Fragile Things: Short Fictions and Wonders is a 2006 collection of short stories and poems by Neil Gaiman. Most of the pieces contained within are actually reprints, previously having appeared in anthologies, literary magazines, music albums, and in one case paired with a picture in a photography book. Most relevant to some, perhaps, is the final novella-length story The Monarch of the Glen, which is a sequel to the novel American Gods that takes inspiration from the story Beowulf. This book also contains the story “How to Talk to Girls at Parties” which was adapted into a film in 2017.
I’ve always viewed this book as a sort of sibling to his 1998 collection Smoke and Mirrors, as that book also brought together previously published works. I recall that book feeling more thematically similar throughout however, whereas this collection was a bit more of an assortment. They are still Gaiman stories though, so I don’t mean to suggest you should expect them to be hugely different. I only mean that the earlier collection left more of a distinct impression of horror on me in terms of tone and genre, whereas this book felt more varied, with some stories being mostly straightforward fiction, others more firmly in the realm of magic realism, and even a few cases of science fiction.
There are, unsurprisingly, a good number of stories that do flirt with horror and nightmarish ideas, particularly as ghost stories. There was an interesting pattern of stories early on in the collection that told of children having haunting experiences with abandoned properties, often involving entering a building and not returning. I found these quite effective in their simplicity, and I especially enjoyed the motifs that spawned from them popping up in other stories. I cannot quite cite all the places this is referenced, but the image of a door knocker shaped like a red impish figure appeared in a number of stories after it was introduced in “Closing Time.” There’s actually a surprise crossover of characters between two stories too, which I really enjoyed. If you pay attention a lot of details actually seem to cross-pollinate throughout the collection.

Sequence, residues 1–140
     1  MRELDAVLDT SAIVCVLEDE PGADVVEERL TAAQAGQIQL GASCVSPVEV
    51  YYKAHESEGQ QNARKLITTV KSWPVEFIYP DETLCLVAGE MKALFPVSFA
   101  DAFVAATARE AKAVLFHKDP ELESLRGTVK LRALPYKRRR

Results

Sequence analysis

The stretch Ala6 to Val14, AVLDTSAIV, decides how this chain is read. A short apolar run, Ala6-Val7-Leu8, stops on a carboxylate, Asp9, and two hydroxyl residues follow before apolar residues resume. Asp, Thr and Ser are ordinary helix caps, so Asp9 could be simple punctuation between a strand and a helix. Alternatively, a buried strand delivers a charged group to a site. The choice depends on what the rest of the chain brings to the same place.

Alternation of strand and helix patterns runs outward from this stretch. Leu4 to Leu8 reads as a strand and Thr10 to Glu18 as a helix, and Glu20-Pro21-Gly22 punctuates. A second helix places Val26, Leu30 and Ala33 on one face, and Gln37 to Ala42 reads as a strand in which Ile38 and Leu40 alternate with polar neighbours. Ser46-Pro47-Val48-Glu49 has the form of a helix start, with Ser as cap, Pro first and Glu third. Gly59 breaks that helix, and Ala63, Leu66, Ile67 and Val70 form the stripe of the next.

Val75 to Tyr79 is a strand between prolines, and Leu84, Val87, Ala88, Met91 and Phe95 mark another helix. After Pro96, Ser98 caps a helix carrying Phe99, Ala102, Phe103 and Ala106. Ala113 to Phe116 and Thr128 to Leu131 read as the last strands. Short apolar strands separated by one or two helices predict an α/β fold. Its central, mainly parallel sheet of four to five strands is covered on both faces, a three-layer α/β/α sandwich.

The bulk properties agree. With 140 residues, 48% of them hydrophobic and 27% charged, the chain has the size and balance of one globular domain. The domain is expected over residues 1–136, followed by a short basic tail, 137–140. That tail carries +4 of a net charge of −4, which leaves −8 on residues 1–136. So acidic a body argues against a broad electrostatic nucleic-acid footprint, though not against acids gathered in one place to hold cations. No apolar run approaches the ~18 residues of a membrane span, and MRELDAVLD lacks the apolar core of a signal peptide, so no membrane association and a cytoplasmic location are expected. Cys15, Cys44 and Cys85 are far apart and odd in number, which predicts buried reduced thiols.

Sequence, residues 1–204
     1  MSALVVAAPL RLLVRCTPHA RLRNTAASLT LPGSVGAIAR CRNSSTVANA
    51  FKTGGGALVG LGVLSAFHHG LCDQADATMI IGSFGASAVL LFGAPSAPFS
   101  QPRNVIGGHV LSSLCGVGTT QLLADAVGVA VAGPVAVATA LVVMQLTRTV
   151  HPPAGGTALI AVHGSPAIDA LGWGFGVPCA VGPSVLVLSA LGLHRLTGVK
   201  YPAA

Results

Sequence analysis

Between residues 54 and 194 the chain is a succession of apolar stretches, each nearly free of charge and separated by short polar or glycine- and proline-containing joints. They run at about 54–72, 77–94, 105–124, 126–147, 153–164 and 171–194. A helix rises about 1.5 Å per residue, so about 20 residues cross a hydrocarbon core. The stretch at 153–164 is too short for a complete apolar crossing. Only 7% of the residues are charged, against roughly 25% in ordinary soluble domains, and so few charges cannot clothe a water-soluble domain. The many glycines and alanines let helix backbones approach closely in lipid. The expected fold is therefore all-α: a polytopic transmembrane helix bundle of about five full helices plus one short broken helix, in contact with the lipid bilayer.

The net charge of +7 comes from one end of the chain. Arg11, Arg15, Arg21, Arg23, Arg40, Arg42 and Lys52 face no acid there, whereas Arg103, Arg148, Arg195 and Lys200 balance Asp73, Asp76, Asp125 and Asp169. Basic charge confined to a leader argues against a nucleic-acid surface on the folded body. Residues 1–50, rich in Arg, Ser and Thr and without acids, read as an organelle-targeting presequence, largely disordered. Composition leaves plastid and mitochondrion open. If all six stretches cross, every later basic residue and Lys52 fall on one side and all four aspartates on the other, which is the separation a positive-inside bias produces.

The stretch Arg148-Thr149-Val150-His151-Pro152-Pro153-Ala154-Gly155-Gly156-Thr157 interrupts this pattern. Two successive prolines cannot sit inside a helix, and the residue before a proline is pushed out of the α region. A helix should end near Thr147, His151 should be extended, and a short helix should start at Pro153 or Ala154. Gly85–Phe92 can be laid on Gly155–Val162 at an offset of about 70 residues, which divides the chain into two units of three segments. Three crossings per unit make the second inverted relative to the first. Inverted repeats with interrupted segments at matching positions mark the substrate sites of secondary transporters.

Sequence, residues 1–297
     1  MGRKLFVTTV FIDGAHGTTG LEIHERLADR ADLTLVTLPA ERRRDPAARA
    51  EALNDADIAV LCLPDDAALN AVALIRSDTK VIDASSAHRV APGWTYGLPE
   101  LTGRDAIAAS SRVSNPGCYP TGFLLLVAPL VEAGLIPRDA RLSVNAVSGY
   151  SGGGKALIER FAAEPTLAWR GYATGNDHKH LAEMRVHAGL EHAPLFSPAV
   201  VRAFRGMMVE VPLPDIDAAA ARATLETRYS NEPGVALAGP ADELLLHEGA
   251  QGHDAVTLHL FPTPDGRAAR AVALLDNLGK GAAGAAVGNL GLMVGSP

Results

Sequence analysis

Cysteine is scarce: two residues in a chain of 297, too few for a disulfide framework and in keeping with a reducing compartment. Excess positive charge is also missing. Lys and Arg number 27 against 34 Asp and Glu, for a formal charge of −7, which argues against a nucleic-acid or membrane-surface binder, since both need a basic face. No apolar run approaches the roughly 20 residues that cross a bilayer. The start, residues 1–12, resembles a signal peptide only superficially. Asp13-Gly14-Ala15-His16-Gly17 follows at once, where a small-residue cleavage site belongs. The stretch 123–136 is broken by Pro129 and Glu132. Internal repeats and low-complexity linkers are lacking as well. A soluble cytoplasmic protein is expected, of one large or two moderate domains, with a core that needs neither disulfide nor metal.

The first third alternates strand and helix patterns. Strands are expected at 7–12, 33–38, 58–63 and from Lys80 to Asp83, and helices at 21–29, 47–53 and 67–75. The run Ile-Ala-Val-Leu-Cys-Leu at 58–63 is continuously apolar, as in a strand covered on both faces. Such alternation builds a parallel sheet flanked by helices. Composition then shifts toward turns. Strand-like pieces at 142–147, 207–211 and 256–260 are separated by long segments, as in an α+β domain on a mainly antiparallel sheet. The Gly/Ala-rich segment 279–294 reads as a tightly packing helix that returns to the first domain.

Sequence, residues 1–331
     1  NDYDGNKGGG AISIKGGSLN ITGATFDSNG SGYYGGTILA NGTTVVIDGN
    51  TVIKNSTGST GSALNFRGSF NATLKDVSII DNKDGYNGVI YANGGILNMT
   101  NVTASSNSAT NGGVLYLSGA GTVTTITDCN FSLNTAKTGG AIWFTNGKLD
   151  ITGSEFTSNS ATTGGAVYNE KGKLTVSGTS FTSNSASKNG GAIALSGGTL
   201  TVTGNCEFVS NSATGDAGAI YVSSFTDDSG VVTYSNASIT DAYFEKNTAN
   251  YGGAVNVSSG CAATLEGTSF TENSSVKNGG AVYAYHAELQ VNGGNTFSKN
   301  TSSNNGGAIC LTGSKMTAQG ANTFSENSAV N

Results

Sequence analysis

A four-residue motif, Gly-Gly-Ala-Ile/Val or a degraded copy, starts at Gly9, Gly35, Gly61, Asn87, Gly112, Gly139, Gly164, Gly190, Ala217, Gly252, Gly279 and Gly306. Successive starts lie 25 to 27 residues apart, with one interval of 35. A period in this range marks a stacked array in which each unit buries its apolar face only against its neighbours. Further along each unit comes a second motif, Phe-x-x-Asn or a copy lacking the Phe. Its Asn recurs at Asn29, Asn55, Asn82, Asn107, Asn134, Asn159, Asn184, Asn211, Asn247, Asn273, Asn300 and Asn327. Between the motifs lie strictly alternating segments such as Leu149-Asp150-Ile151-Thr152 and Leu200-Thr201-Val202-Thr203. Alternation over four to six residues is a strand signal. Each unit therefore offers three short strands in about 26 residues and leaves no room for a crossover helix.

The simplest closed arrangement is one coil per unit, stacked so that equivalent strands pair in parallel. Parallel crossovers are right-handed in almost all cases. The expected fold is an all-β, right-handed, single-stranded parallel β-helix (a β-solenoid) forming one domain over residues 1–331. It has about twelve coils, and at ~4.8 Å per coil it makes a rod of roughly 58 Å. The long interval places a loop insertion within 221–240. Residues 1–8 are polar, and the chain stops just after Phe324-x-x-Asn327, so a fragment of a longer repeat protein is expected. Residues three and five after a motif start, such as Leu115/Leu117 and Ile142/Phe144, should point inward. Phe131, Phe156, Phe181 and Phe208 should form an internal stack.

Something I could take-or-leave about this book were the poems. It’s not that they were badly written—I especially liked “Locks,” a conversational poem about sharing stories—but most of them were very forgettable for me. As an amusing consolation, however, according to Gaiman in the introduction all of the poems contained within the collection are “free.” The book would cost the same with or without them, and while he meant for the book to be all prose he liked some of these poems too much not to include them. Most of the poetry may not have stuck with me that much, but I found this little backstory to their inclusion really endearing.
The Monarch of the Glen was an excellent story and a great way to close out the book. It catches the reader up with what Shadow Moon has been doing since the end of American Gods, finding him in a remote area of Scotland. I really liked how it expanded upon the world as we know it from the novel, giving a closer look at the place the monsters of the old myths have in it, not just the gods. It also reveals some of Shadow’s true nature as well, the end of the novel having revealed he is more than just a mere mortal man. It was in this novella that two characters of a dubious character from the story “Keepsakes and Treasures” appeared as well, which appreciably grew out this fictional world and shed more speculative light onto that short story for me.
If you’re a fan of Neil Gaiman, this collection is a no-brainer. It’s an excellent assortment of stories and poems, with The Monarch of the Glen almost being worth the price of admission alone. If you’re just starting to check the author’s work out, this would be a perfect place to start if not for the fact that you really ought to read American Gods first, just for the sake of that closing story. It is nevertheless a refreshing selection of stories that includes great pieces of fantasy and magic realism, ghostly tales, more mundane and thoughtful fiction, and a few science fiction additions that includes a poignant tale set in the world of The Matrix.
My Rating: 4 out of 5